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Article

Impact of Cover Cropping on Temporal Nutrient Distribution and Availability in the Soil

1
Citrus Research and Education Center, Soil, Water, and Ecosystem Sciences Department, University of Florida, 700 Experiment Station Rd, Lake Alfred, FL 33850, USA
2
Southwest Florida Research and Education Center, Horticultural Sciences Department, University of Florida, 2685 State Road 29 North, Immokalee, FL 34142, USA
3
Southwest Florida Research and Education Center, Soil, Water, and Ecosystem Sciences Department, University of Florida, 2685 State Road 29 North, Immokalee, FL 34142, USA
*
Author to whom correspondence should be addressed.
Horticulturae 2023, 9(10), 1160; https://doi.org/10.3390/horticulturae9101160
Submission received: 26 August 2023 / Revised: 14 October 2023 / Accepted: 19 October 2023 / Published: 22 October 2023

Abstract

:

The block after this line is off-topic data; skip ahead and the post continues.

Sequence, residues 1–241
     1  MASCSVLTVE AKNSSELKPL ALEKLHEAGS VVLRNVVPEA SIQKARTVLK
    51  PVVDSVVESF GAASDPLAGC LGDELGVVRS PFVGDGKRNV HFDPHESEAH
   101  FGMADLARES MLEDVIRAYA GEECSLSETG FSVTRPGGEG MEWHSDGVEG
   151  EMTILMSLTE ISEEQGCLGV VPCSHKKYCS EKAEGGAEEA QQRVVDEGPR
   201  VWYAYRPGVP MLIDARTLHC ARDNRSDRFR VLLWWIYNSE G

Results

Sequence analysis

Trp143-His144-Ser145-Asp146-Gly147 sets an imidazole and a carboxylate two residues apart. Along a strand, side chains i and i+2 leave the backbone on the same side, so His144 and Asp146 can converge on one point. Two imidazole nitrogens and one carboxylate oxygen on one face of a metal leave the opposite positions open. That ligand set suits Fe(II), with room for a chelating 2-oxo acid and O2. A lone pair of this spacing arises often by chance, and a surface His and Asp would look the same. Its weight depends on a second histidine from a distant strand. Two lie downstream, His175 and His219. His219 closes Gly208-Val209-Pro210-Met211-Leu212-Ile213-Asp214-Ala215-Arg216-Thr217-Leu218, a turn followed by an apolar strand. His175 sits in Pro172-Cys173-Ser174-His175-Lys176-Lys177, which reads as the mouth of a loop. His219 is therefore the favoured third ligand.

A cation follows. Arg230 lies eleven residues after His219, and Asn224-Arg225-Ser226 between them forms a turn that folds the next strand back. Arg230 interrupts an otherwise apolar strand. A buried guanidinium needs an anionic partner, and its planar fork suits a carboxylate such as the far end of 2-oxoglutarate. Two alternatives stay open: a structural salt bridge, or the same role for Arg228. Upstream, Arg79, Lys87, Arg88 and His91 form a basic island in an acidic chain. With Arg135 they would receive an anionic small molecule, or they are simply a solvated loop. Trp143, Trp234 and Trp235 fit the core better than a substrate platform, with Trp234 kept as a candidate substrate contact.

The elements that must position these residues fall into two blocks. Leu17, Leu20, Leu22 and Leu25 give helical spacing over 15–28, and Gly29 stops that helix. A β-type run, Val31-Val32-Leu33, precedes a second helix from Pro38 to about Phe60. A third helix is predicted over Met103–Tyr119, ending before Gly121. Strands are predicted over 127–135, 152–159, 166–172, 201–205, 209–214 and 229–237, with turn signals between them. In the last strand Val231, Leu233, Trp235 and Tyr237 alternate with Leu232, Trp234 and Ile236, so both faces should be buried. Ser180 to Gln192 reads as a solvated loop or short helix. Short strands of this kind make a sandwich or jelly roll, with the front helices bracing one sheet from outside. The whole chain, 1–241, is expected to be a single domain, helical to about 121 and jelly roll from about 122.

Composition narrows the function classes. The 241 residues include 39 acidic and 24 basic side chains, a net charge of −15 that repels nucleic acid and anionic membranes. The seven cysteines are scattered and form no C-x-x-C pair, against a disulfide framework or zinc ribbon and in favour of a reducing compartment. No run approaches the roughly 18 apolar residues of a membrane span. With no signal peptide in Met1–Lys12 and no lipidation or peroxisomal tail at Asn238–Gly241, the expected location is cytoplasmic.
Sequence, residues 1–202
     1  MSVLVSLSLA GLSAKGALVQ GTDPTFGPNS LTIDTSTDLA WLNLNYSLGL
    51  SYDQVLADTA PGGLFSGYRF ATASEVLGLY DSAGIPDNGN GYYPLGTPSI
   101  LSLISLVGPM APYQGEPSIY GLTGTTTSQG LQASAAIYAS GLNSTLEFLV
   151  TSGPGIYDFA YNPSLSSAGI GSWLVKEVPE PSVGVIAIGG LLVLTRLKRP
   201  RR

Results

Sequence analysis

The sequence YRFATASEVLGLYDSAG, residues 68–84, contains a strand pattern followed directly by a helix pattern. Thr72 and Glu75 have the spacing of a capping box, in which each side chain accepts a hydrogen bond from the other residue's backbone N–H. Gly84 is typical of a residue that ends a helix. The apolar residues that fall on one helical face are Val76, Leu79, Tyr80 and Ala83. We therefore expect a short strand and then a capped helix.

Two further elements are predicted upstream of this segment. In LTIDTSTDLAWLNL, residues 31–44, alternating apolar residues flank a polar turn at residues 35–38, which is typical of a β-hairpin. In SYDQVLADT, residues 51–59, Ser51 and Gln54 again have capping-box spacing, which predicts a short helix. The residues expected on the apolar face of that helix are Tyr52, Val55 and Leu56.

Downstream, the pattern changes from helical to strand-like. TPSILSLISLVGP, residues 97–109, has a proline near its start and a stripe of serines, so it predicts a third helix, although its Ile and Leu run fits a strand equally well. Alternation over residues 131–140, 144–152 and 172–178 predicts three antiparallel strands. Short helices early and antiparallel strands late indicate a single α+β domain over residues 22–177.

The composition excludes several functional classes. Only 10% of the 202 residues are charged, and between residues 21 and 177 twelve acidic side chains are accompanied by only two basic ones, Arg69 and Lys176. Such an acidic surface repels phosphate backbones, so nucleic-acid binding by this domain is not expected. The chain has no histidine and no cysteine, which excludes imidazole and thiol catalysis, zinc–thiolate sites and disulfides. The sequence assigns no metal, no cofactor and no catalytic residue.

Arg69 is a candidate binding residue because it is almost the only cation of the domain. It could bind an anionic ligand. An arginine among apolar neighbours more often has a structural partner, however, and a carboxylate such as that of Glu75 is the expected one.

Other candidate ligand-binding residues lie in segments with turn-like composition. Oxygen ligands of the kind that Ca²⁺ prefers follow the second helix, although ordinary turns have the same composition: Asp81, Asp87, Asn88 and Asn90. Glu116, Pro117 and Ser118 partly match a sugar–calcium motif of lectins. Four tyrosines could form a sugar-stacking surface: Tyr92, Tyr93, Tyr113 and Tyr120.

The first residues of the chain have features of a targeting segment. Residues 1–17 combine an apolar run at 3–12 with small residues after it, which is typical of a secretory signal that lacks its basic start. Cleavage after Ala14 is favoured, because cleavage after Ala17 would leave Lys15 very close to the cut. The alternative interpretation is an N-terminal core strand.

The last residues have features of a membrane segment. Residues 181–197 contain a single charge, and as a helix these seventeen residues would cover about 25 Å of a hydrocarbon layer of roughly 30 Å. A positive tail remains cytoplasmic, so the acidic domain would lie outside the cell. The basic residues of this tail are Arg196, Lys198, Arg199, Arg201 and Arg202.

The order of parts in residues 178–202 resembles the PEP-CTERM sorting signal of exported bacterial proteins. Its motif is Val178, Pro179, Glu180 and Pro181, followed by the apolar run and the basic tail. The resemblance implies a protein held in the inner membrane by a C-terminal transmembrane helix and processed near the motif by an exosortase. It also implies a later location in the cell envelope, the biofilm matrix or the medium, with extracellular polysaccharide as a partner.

Cover cropping is a best management practice that can improve soil quality by reducing soil erosion, building soil organic matter (SOM), and improving soil nutrient availability. Southwest (SW) Florida citrus growers have the challenge of growing citrus in sandy soils characterized by low organic matter (<2%), extremely low water and nutrient-holding capacities, and high sand content (>90%), and therefore are looking for methods to improve SOM and nutrient retention and availability in sandy soils. A trial of two cover crop (CC) mixtures planted in the row middles (RM) of Huanglongbing-affected citrus ‘Valencia’ (Citrus sinensis (L.) Osbeck) orchards in sandy soils in SW Florida was conducted. This study explored how incorporating CCs in the RM of the orchards could affect soil ammonium (NH4+), soil nitrate (NO3), exchangeable macronutrients, and SOM temporal availability. These parameters were measured under the tree canopy (UC) and within RM of two orchards: South Grove (SG) and North Grove (NG), both located in SW Florida. The two seeded CC mixtures were legume + non-legume (LG+NL) and non-legume (NL) and were compared to a control no-CC grower standard (GSC). Phosphorus, calcium, magnesium, and NH4+ were not statistically significantly different among treatments in either of the two sampling positions (UC and RM). Cover cropping significantly (p < 0.05) increased NO3-N concentrations in the RM area of the citrus orchards after seven consecutive seasons (brassicas, legumes, and grasses) by 31% in the LG + NL and 29% in the NL with reference to the GSC. In addition to the significant increase in NO3N, SOM significantly (p < 0.05) increased in the RM in the NG site only in both CCs treatments by 17% and 16% for LG + NL and NL treatments, respectively, compared with GSC.